Joshua Palmatier is a writer with a PhD in mathematics. He was born in Pennsylvania, but currently resides in New York while teaching mathematics full-time at the State University of New York- Oneonta. Palmatier started writing Science Fiction and Fantasy novels in eighth grade, and hasn’t stopped writing since, mainly focusing on novels. “The Skewed Throne,” his first work of fantasy, was a Compton Crook finalist for best first novel in the science fiction and fantasy genres for 2006.
Saturday, February 10, 2018, 3:15 pm—5:15 pm
Karin Lin-Greenberg is an American fiction writer. Her story collection, Faulty Predictions, won the 2013 Flannery O’Connor Award for Short Fiction from the University of Georgia Press and won gold in the Short Story category of Foreword Reviews’ 2014 INDIEFAB Book of the Year. Currently, she lives in upstate New York and is an associate professor in the English Department at Siena College.
Saturday, April 21, 2018, 3:15 pm—5:15 pm
Linnea Hartsuyker is a full time writer of historical fiction living in New York City with her husband. She has a MFA in Creative Writing from NYU and a BS in Material Science and Engineering from Cornell University. When she was a teenager, her family embarked on a project to trace their ancestry. They found that Harald Fairhair (Harfagr), the first king of Norway is one of their ancestors. Those explorations gave her the seeds of her first novel, The Half-Drowned King.
Thursday, June 28, 2018, 7:00 pm—9:00 pm
Patrick Thomas has had stories published in over three dozen magazines and more than fifty anthologies. He’s written 30+ books including the fantasy humor series Murphy’s Lore, urban fantasy spin offs Fairy With a Gun, and Fairy Rides The Lightning. He has a darkly humorous advice column Dear Cthulhu which includes the collections Have a Dark Day, and Good Advice For Bad People.
Thursday, August 16, 2018, 7:00 pm—9:00 pm
Kelli Huggins is a historian who believes history should never be boring. She is the author of the book Curiosities of Elmira: The Last Labrador Duck, Professor Smokeball, the Great Female Crime Spree & More. A specialist in animal history, her current book project is about the rise of canine celebrity in the late 19th century, which is largely a dual biography of Railroad Jack and Owney, two real-life, train-riding famous dogs. Kelli regularly writes for the Chemung County Historical Society’s blog, where her love of unusual, quirky topics is on full display. Her articles have appeared in the New York State Archives Magazine and other publications. Kelli won the 2016 and 2017 Researching the Empire State Writing Contests for her essays “Flocks of Kittens and Litters of Chicks: Interspecies Adoption in New York, 1880-1920” and “Death Rays: The Murder That Put X-Rays on Trial.”
Kelli has worked as the Education Coordinator at the Chemung County Historical Society since 2013 and is now off to her next adventure as the Visitor Experience Coordinator at the Catskill Interpretive Center. She earned a Master’s Degree in History and a Museum Studies Certificate from the University of Delaware. She taught history and public history courses as an adjunct at Elmira College. Kelli was named the 2014 Museum Association of New York “Rising Star” Award winner.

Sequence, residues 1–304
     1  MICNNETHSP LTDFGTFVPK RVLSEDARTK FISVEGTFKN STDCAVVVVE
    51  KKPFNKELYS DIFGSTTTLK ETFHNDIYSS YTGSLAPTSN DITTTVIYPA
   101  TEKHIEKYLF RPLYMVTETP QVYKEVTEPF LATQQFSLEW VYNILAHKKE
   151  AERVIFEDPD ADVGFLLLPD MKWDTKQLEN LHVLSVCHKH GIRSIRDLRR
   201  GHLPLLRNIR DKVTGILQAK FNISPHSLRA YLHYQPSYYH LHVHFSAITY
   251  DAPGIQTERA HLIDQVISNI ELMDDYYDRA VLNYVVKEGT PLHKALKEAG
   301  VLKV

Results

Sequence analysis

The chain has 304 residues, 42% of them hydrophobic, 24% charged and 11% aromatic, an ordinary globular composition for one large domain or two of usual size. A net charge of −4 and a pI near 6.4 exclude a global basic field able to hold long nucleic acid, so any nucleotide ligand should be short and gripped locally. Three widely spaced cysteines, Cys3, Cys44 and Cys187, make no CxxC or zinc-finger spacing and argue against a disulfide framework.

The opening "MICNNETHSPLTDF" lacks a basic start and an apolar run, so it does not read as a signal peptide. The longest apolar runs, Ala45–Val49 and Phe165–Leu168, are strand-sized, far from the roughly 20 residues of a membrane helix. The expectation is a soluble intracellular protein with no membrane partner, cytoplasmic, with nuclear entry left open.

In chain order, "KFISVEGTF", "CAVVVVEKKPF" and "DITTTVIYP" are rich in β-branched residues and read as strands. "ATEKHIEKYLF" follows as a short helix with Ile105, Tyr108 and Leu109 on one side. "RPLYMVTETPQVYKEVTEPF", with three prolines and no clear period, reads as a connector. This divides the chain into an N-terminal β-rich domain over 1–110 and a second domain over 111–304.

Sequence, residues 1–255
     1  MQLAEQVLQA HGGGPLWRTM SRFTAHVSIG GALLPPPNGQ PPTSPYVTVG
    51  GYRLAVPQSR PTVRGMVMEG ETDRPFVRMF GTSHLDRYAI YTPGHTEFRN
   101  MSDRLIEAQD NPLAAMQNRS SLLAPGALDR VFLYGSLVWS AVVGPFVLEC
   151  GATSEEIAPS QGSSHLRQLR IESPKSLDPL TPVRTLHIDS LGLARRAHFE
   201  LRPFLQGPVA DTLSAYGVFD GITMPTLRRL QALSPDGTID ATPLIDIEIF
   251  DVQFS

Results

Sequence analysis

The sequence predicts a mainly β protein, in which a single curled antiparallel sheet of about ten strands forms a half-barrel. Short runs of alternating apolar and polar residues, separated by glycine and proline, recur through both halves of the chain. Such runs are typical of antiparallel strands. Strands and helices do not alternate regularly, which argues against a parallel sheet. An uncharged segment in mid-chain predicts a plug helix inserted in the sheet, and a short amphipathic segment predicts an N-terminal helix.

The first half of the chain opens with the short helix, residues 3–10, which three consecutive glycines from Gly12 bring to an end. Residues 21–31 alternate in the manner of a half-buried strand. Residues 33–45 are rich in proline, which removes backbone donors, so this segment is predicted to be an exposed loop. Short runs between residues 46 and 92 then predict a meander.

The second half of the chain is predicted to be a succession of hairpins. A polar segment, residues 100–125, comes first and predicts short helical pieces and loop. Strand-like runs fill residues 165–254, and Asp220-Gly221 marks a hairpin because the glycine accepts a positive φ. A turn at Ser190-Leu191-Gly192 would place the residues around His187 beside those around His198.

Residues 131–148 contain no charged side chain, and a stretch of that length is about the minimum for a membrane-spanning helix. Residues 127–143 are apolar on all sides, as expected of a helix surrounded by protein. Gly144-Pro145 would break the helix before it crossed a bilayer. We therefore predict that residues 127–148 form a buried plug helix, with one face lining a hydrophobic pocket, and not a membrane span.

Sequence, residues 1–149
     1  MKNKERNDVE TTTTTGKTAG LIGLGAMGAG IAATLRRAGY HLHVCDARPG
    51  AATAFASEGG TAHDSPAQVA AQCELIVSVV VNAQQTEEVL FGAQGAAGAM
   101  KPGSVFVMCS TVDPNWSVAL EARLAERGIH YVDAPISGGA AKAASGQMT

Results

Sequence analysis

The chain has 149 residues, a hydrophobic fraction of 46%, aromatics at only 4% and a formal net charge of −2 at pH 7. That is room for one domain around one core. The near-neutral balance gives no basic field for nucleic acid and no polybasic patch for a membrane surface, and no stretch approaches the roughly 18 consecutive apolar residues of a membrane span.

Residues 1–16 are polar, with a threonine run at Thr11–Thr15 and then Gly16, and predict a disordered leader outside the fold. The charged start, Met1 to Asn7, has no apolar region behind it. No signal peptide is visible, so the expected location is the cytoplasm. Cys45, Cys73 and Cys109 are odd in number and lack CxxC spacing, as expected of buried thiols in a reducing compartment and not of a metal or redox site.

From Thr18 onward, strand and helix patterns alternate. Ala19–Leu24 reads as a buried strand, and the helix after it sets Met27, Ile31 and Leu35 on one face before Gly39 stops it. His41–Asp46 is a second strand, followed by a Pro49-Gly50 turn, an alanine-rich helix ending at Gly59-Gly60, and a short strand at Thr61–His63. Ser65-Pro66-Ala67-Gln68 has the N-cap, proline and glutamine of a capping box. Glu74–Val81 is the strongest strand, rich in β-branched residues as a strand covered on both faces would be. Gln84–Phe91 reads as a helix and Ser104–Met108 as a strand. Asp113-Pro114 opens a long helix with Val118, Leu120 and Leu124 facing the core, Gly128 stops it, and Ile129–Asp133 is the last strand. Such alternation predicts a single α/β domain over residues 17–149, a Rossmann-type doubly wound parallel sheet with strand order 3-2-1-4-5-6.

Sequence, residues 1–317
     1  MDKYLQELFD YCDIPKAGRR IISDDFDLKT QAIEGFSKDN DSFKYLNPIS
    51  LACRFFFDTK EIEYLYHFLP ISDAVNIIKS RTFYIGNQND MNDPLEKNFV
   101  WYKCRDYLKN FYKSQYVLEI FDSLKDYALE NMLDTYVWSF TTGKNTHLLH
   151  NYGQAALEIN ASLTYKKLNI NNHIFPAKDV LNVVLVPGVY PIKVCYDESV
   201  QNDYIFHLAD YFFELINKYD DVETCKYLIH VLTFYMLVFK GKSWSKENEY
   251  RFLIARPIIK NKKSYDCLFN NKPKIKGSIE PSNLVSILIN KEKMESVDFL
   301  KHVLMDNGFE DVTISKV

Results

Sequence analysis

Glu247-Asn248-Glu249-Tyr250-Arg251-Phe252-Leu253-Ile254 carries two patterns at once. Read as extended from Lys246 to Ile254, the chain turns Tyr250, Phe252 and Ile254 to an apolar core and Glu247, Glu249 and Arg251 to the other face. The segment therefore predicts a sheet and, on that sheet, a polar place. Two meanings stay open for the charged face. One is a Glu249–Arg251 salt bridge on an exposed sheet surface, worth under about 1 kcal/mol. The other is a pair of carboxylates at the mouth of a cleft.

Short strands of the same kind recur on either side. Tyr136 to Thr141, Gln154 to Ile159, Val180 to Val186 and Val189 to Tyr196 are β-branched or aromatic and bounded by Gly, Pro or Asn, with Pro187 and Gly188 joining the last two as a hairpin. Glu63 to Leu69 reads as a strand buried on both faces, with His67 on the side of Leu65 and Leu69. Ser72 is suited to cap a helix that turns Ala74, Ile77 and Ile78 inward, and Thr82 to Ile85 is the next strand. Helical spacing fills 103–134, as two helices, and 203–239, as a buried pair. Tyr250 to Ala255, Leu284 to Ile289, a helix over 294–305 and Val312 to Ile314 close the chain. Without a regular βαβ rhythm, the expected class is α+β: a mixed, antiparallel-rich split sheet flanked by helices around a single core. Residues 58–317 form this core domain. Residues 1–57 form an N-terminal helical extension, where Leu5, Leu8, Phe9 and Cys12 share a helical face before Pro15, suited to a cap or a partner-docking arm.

Tuesday, October 09, 2018, 7:00 pm—9:00 pm
His move to a rural lifestyle gradually caused Coffman’s writing to move toward fiction and creative nonfiction. He has had stories published in “The Little Magazine” and “Nantucket Review” and four in “Redbook” (including “Freshening” which was also anthologized in Redbook’s Famous Fiction, Vol II.)
Coffman has taught writing at the University of Iowa, University of Michigan, Keuka College and the Elmira Correctional Facility. He has given readings from Madison, CT to Seattle WA, including dozens in New York State. He has led NYS writing workshops in Dundee, Penn Yan, Indian Lake, Finger Lakes Community College, Canstota, Tupper Lake, the North Creek and Attica Correctional Facilities.
Since 1972, Steve Coffman and his wife Bobbie have lived on a defunct farm at the end of a dirt road on one of the highest hills in rural Yates County, where they have raised two children, bounteous flowers and vegetables, occasional cows, horses, pigs, chickens and many acres of glorious trees.
Published nonfiction includes two political memoirs, Peace Meal and Messy Freedom (Foothills Publishing, 2005 and 2006), and the country memoir How To Walk A Pig (1995) which was expanded into Chicken Justice (Hearst, 2006), Founders v. Bush (2008), and Words of the Founding Fathers: Selected Quotations of Franklin, Washington, Adams, Jefferson, Madison and Hamilton, with Sources (2014).
Thursday, December 06, 2018, 7:00 pm—9:00 pm